By seizing any opportunity you can to work with people in your company in areas that you are interested in; you are essentially laying the groundwork for you to gain more access to this area of your company in the future.
Allowing for both personal and professional growth is right outside of your bubble. Make connections, immerse yourself in the culture, and find success. Once you step outside of your comfort zone, you'll grow more than you ever thought possible.
People can sense the disingenuous person miles away. We have that "gut" feeling which, while we cannot explain it, can sway us one way or another. It does not matter what business you are in, the number one way to be an effective communicator and build lasting relationships is to be genuine.
The art of the thank you note has evolved over the years. It used to be when you received a gift, or someone helped you in some way, you would send a note to express your appreciation for their efforts.
As with regular networking, follow-up is an important part of online networking. In fact, you may have to follow up more diligently when you are trying to establish connections with people solely online; it's easy to forget to respond to an email or request.
I'm certain that all parents, particularly of teenagers, will be familiar with the scenario I'm about to describe. It's the moment one of my daughters appears looking guileless and hesitantly ventures: "Um Dad? Can I ask you a question?"
As most millennials can attest, the job market is rough. Attempting to navigate it is, at best, an enervating challenge. And that's for Americans who speak the language and understand the job searching tools at their disposal.
Imagine you are dining in a restaurant with a friend, and your friend suddenly begins to choke on a piece of food, grabbing for her neck. What do you do? Did you say the Heimlich Maneuver? Hopefully so. The Heimlich's simplicity makes it easy to recall during extremely stressful situations.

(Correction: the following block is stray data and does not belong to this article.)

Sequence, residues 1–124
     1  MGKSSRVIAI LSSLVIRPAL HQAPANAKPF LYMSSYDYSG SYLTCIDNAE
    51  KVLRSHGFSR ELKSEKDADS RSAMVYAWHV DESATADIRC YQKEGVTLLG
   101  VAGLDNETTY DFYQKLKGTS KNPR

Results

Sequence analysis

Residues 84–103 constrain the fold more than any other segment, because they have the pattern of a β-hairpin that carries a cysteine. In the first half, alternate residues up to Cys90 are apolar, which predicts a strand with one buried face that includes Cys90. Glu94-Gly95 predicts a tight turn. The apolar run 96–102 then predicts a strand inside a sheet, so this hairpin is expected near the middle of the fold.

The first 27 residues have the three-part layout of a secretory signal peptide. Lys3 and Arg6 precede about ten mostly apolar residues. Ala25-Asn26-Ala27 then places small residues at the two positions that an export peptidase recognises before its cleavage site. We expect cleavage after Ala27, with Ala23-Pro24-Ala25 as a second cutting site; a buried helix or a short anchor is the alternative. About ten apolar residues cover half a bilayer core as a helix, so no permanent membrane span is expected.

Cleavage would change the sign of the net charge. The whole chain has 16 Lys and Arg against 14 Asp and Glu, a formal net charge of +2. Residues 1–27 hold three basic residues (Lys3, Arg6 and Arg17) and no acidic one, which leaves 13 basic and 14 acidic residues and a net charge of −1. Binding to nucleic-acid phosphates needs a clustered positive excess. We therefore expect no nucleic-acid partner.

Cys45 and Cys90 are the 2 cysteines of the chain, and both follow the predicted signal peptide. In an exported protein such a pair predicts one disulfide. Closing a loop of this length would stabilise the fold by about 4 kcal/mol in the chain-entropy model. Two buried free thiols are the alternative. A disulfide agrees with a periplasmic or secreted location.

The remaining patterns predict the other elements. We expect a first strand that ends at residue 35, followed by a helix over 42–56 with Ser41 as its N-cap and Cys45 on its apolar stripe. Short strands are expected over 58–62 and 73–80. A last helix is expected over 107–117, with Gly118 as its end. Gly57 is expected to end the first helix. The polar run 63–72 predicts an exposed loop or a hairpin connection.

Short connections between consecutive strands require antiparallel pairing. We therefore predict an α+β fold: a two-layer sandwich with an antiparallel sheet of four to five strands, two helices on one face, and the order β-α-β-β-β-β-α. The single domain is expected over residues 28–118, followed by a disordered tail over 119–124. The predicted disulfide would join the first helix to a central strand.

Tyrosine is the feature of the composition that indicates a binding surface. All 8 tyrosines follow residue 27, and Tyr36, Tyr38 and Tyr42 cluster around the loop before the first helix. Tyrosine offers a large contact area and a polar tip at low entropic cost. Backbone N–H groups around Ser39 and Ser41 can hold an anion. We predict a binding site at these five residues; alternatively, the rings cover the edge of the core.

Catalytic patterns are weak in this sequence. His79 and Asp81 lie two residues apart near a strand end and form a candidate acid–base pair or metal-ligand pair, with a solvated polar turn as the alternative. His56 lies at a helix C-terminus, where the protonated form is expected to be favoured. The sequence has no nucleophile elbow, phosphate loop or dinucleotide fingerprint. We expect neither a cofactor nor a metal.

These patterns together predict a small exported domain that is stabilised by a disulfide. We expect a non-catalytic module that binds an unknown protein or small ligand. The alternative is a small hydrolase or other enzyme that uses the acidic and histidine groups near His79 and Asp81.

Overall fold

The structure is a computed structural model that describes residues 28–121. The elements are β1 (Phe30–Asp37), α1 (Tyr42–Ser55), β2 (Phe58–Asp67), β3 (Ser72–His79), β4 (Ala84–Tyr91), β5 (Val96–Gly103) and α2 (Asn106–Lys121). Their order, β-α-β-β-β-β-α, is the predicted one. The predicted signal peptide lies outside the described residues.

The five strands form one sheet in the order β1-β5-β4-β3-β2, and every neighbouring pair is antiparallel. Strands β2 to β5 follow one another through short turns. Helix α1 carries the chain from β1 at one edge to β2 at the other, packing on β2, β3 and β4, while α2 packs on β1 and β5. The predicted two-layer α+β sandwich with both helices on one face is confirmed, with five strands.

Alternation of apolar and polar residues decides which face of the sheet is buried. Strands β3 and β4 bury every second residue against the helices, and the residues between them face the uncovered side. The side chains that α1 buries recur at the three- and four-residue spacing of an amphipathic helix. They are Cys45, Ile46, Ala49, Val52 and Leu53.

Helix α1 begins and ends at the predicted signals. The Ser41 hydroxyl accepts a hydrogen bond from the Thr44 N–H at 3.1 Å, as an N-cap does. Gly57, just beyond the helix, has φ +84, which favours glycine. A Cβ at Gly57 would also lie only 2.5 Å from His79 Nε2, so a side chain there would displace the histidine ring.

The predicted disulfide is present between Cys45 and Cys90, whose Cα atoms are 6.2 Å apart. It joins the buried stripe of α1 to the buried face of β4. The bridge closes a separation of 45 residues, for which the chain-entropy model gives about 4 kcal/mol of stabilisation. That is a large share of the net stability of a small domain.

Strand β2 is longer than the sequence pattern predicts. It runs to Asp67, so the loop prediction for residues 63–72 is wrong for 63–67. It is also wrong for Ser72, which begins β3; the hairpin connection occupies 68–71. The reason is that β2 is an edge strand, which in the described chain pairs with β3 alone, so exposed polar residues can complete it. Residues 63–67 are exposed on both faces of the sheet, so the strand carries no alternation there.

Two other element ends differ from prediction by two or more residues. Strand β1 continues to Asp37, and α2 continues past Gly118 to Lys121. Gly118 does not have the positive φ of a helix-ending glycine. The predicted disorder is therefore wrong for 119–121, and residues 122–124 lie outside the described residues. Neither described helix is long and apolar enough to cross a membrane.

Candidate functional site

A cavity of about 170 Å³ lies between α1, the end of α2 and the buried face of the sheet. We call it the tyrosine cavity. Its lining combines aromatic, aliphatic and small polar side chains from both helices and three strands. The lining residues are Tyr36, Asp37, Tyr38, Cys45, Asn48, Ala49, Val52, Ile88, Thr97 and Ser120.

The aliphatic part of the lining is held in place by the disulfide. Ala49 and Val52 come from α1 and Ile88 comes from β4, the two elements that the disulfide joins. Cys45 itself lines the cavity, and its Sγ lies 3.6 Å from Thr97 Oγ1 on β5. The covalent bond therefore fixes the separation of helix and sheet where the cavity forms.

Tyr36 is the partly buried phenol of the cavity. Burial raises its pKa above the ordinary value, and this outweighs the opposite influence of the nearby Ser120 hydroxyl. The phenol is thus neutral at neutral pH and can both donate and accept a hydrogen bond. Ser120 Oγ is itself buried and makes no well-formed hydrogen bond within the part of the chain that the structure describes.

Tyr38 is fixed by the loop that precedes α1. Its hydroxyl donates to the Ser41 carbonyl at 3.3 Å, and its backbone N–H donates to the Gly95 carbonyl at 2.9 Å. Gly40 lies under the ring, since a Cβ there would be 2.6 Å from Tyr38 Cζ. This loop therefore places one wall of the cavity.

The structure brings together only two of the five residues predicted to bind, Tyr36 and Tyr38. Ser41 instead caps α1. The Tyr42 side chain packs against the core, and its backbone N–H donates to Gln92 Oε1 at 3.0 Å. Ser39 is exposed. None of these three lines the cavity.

As I mentioned in my last article, The "New" Rule of Networking, there are absolutely rules when it comes to networking. They're just not written, enforced by a governing body, or mentioned at the beginning of a networking event before you "touch gloves" and come out networking.
Professional networking, both online and in person, is a necessary ongoing strategy for startup entrepreneurs. While every business is unique and has different needs, building the business through networking is always a beneficial plan.
Nobody wants to be used. So your networks must benefit everyone involved. Service to others and sharing resources are the glue that holds networks together. My rule of thumb is to reach out to people in your network periodically.
Last year I made a New Year's resolution to spend one evening a month doing the overnight shift in the men's homeless shelter in my neighborhood. It was an eye-opening experience from the start and one of the outcomes I didn't expect was that it helped make me a better communicator.